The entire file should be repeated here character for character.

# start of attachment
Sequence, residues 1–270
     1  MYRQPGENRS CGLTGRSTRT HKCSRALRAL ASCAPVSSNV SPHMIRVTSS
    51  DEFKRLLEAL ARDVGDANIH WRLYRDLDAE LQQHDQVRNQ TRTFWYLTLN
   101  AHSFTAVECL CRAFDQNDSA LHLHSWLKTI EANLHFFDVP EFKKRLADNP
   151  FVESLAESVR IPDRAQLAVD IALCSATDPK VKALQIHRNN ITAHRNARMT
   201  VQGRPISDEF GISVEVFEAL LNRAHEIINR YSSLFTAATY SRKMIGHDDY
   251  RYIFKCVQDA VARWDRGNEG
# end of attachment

Sequence, residues 1–270
     1  MYRQPGENRS CGLTGRSTRT HKCSRALRAL ASCAPVSSNV SPHMIRVTSS
    51  DEFKRLLEAL ARDVGDANIH WRLYRDLDAE LQQHDQVRNQ TRTFWYLTLN
   101  AHSFTAVECL CRAFDQNDSA LHLHSWLKTI EANLHFFDVP EFKKRLADNP
   151  FVESLAESVR IPDRAQLAVD IALCSATDPK VKALQIHRNN ITAHRNARMT
   201  VQGRPISDEF GISVEVFEAL LNRAHEIINR YSSLFTAATY SRKMIGHDDY
   251  RYIFKCVQDA VARWDRGNEG